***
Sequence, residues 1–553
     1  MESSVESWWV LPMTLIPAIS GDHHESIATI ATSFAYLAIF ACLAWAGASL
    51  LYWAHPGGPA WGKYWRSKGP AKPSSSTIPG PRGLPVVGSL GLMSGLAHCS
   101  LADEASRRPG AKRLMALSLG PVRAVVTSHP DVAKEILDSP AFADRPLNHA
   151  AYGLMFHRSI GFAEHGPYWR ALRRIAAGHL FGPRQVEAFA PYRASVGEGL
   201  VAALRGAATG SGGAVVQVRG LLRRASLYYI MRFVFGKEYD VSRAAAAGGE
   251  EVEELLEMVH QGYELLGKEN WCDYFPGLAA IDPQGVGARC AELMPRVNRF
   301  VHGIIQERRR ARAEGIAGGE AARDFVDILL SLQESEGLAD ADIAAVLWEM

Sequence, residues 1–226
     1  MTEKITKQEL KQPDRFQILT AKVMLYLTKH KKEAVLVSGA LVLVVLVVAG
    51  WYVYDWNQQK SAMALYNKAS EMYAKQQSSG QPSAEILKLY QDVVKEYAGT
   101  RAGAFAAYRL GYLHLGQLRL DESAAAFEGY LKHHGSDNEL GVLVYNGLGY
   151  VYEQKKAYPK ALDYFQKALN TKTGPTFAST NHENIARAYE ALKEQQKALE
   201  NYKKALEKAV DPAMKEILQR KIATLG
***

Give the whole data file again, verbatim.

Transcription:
Sequence, residues 1–553
     1  MESSVESWWV LPMTLIPAIS GDHHESIATI ATSFAYLAIF ACLAWAGASL
    51  LYWAHPGGPA WGKYWRSKGP AKPSSSTIPG PRGLPVVGSL GLMSGLAHCS
   101  LADEASRRPG AKRLMALSLG PVRAVVTSHP DVAKEILDSP AFADRPLNHA
   151  AYGLMFHRSI GFAEHGPYWR ALRRIAAGHL FGPRQVEAFA PYRASVGEGL
   201  VAALRGAATG SGGAVVQVRG LLRRASLYYI MRFVFGKEYD VSRAAAAGGE
   251  EVEELLEMVH QGYELLGKEN WCDYFPGLAA IDPQGVGARC AELMPRVNRF
   301  VHGIIQERRR ARAEGIAGGE AARDFVDILL SLQESEGLAD ADIAAVLWEM

Sequence, residues 1–226
     1  MTEKITKQEL KQPDRFQILT AKVMLYLTKH KKEAVLVSGA LVLVVLVVAG
    51  WYVYDWNQQK SAMALYNKAS EMYAKQQSSG QPSAEILKLY QDVVKEYAGT
   101  RAGAFAAYRL GYLHLGQLRL DESAAAFEGY LKHHGSDNEL GVLVYNGLGY
   151  VYEQKKAYPK ALDYFQKALN TKTGPTFAST NHENIARAYE ALKEQQKALE
   201  NYKKALEKAV DPAMKEILQR KIATLG